Carrucci, Jacob

, an artist who from the place of his nativity was called Pontormo, had great natural ingenuity, and was in his earliest works admired by Raphael and Michel Angelo. He had had a few lessons from Lionardo da Vinci; after him from Albertinelli made some progress under Pier di Cosimo; and finished by entering the school of Andrea del Sarto, whose jealousy and ungenerous treatment, from a scholar, soon turned him into a rival. With such talents he became the victim of inconstancy, roaming from style to style. The Certosa of Florence exhibits specimens of the three different manners commonly ascribed to him. The first is correct in design, vigorous in colour, and approaches the style of Andrea del Sarto. The second, with good drawing combines a languid tone, and became the model of Bronzino and the | subsequent epoch. The third is a downright imitation of Albert Durer, aod at present can only be found in some histories from the Passion in the cloister of that monastery, which are neither more nor less than copies from the prints of Albert. To these, perhaps, a fourth manner might be added, if the frescos of the General Deluge and Universal Judgment, on which he spent eleven years in S. Lorenzo, and his last work, had not been whitewashed, with the tacit acquiescence of all contemporary artists. In this labour he strove to emulate Michel Angelo, and to exemplify, like him, anatomic skill, which was then becoming the favourite pursuit of Florentine art. He died in 1558, aged sixty-five. 1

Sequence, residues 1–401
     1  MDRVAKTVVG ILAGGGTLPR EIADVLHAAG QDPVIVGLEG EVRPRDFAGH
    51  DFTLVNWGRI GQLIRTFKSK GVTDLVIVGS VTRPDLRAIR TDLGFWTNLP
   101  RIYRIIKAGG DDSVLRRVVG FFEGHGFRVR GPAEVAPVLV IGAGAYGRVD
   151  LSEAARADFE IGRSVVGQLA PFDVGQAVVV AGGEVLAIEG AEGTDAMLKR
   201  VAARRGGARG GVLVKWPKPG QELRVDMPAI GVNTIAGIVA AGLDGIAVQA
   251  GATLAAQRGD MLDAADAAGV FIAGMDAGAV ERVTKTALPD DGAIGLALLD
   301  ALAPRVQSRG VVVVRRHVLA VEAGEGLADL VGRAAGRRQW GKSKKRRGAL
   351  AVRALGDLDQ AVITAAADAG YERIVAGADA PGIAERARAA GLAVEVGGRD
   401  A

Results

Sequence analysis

1 Argenville, vol. I, Pilkington.